Maybe I was really hungry... Maybe it was the OO flour that made my dough silky smooth... Could it have been the 2006 Joseph Phelps Viognier I paired the ravioli? Or was it the flavor of the Rugosa squash that made them so incredibly delicious!?

Rugosa is my new favorite ingredient this fall! I special ordered them from Julia at Mariquita Farms where I get my CSA box. I think I must have looked shocked as Julia handed me these 2 huge squash, "If you don't want 'em, chefs around the city are clamouring for them!" I quickly grabbed both and headed home.

Rugosa squash, also known as Rugosa di Fruili Zucchino, comes from the Veneto in northern Italy. When mashed, it looks like mashed sweet potatoes but the flavor is so different. Rugosa is very earthy, rich with incredible depth of flavor and a perfect balance of sweetness and acidity. If you want some seeds, I found them online.


2 pounds winter squash, Rugosa, hubbard, butternut, turban
3/4 cup fresh bread crumbs
2 tablespoons plus 1/4 cup freshly grated Parmesan cheese
1/2 teaspoon fresh chopped thyme
1/2 teaspoon fresh chopped rosemary
1/2 teaspoon fresh chopped sage
1 teaspoon grated orange zest
Salt and freshly ground pepper
1 teaspoon extra virgin olive oil
2 ounces prosciutto, thinly sliced, cut into 1/4" strips
1 teaspoon walnut or hazelnut oil
1/3 cup hazelnuts, chopped
6 tablespoons unsalted butter
Freshly grated nutmeg
1 pound egg pasta dough

Preheat an oven to 350o F. Cut squash in half, place on an oiled baking sheet and bake until easily skewered, 50 to 60 minutes. Remove the seeds and skin and discard. Mash the pulp with a potato masher or by pulsing a few times in a food processor. Place the squash, bread crumbs, 2 tablespoons Parmesan, thyme, rosemary, sage and orange zest in a bowl. Mix well and season to taste with salt and pepper.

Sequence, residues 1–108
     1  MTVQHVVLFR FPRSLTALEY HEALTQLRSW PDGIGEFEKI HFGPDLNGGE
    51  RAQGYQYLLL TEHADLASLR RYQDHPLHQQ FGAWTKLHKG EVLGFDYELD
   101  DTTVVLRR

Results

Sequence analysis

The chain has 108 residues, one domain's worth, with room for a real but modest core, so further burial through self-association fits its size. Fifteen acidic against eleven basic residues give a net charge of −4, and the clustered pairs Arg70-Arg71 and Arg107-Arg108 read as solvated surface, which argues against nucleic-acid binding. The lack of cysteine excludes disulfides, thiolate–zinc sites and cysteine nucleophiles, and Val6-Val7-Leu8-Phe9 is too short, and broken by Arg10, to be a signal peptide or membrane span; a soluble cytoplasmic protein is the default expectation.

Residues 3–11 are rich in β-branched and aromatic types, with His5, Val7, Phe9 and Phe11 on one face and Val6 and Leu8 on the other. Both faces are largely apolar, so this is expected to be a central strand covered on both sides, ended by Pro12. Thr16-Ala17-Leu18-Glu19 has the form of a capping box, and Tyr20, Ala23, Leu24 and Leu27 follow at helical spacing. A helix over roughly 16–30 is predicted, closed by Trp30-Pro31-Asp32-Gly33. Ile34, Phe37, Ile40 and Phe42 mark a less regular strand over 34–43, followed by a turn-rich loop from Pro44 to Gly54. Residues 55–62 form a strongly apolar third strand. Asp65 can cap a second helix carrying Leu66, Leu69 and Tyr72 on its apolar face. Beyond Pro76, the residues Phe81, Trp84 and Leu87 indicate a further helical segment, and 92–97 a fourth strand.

In a small frying pan over medium heat, heat the olive oil. Cook the prosciutto until light golden, 4 to 5 minutes. Remove with slotted spoon and reserve. Add the nut oil and hazelnuts, and cook, stirring occasionally until light golden, 3 minutes. Remove from the pan. In a saucepan over medium high heat, melt the butter and cook it until it turns brown and just begins to smoke, 3 to 4 minutes. Remove immediately from the heat and add nutmeg.

Cut the dough into 4 pieces. Using a pasta machine, roll the pasta until you can almost see your hand through the dough. Place the sheet of pasta on a well floured work surface. Spoon a heaping teaspoon of squash filling at one end of the dough, just below the center of the dough. Continue to place mounds of filling all the way down the dough leaving approximately 1 1/2" between each mound. With a spray bottle filled with water, spray the edges with a very light mist of water. Fold the top half of the dough over the squash filling to encase the filling and seal around the edges. With a zig-zag roller, trim the long side close to the edge and discard. Cut in between each ravioli.

Bring a large pot of boiling salted water to a boil. Add the ravioli and cook until tender 2 to 3 minutes. Drain and place in a large serving bowl. Toss carefully with the brown butter. Garnish with prosciutto, hazelnuts and Parmesan. Serve immediately

Serves 6 to 8


2 cups all-purpose flour
1/4 teaspoon salt
2 whole eggs
1 tablespoon water

In the bowl to the food processor, pulse together the flour and salt. Add the eggs and water and process until the dough forms a soft ball but is not sticky. If so, add more flour a tablespoon at a time until it isn't sticky. Remove the dough from the food processor bowl and knead on a very lightly floured board until soft and smooth, 2 to 3 minutes. Let the dough rest wrapped in plastic wrap for at least 30 minutes.

Makes approximately 1 lb. pasta